AFP- A UN human rights monitor on Monday urged Tehran to halt the planned execution of an Iranian woman for the alleged murder of a former intelligence official, saying her trial had been deeply flawed.
The case of Reyhaneh Jabbari, who claims she acted in self-defence after a sexual assault, raises concerns because of her alleged forced confession and a court failure to consider all the evidence, said Ahmed Shaheed.
“The Iranian authorities should review her case and refer it back to court for a re-trial, ensuring the defendant due process rights guaranteed under both Iranian law and international law,” said Shaheed, a human rights expert and former foreign minister of the Maldives.
Shaheed is tasked by the UN with monitoring Iran, and has regularly locked horns with the Islamic republic over its human rights record.
Iran’s prosecutor general, Gholam Hossein Mohseni Ejeie, on Monday called reports that Jabbari would be executed within a couple of days “pure speculation”.
Her lawyer Abdolsamad Khoramshahi, quoted by the official IRNA news agency, said an execution date has yet to be finalised, but that “her sentence will be carried out within a month if the victim’s family does not grant mercy”.
Jabbari, an interior designer, was sentenced to death for pre-meditated murder over the 2007 slaying of Morteza Abdolali Sarbandi, a former employee of the Iranian Intelligence Ministry.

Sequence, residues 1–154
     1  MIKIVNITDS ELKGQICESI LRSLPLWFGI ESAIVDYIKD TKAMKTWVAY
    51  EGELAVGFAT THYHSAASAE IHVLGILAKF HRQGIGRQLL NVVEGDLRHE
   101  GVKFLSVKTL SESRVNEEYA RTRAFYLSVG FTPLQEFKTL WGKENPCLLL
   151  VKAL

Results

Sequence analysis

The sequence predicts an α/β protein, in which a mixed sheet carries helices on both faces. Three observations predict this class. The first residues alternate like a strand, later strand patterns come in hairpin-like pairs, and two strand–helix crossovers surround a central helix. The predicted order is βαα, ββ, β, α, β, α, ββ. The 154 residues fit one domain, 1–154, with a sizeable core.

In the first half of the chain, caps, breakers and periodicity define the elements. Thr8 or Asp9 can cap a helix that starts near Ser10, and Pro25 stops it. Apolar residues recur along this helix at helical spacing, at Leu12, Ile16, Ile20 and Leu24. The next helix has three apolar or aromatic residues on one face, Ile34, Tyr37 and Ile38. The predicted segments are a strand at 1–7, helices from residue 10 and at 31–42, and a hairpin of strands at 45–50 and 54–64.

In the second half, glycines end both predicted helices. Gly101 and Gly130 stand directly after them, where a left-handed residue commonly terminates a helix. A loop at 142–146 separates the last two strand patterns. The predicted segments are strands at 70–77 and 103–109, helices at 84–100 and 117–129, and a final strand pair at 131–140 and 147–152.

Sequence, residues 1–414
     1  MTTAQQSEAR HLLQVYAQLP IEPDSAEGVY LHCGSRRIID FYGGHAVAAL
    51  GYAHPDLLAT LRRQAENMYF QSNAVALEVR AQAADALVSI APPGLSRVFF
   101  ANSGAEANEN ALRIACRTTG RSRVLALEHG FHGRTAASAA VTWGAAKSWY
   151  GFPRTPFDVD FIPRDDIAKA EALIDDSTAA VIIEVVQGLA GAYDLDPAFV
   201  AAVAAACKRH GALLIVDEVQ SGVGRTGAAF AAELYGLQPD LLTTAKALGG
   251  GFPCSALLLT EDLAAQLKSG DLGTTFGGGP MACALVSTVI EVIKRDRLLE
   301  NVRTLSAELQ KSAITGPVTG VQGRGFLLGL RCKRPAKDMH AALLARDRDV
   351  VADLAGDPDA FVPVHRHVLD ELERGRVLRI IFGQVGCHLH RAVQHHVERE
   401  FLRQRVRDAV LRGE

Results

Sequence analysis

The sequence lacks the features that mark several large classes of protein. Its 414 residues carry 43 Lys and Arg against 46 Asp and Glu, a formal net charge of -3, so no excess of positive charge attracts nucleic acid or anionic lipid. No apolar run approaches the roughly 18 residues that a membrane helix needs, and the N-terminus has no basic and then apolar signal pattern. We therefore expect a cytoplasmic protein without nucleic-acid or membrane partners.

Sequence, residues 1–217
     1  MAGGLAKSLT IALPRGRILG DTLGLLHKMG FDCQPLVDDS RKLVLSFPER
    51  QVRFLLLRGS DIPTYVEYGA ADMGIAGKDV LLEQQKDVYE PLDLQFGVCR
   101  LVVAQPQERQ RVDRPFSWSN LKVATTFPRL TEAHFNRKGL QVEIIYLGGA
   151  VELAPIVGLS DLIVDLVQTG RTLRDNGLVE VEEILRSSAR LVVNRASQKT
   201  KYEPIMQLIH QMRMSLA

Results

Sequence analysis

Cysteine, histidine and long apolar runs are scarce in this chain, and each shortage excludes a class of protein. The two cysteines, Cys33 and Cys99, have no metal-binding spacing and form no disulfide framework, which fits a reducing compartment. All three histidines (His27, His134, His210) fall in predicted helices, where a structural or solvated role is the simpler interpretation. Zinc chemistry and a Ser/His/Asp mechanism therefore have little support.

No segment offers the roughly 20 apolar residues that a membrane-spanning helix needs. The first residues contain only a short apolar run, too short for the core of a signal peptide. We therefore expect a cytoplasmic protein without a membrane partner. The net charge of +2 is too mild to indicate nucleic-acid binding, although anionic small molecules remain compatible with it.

Shaheed said in a statement that “reliable sources” had confirmed that Sarbandi had offered to hire Jabbari to redesign his office.
Sarbandi arranged to take Jabbari to his office, but instead took her to a residence where he sexually forced himself upon her, Shaheed said.
Jabbari reportedly stabbed Sarbandi in the shoulder in self-defence, fled for safety, and called for an ambulance out of concern for her alleged attacker.
Shaheed pointed to evidence including a medical report highlighting the presence of a tranquiliser in a glass of juice found at the crime scene, suggesting a sexual assault had been planned.
If her allegations are true, Shaheed said, Jabbari “may have been doubly victimised, first by her attacker, and then by the judicial system, which is supposed to protect victims of intended and actual sexual and physical assault”.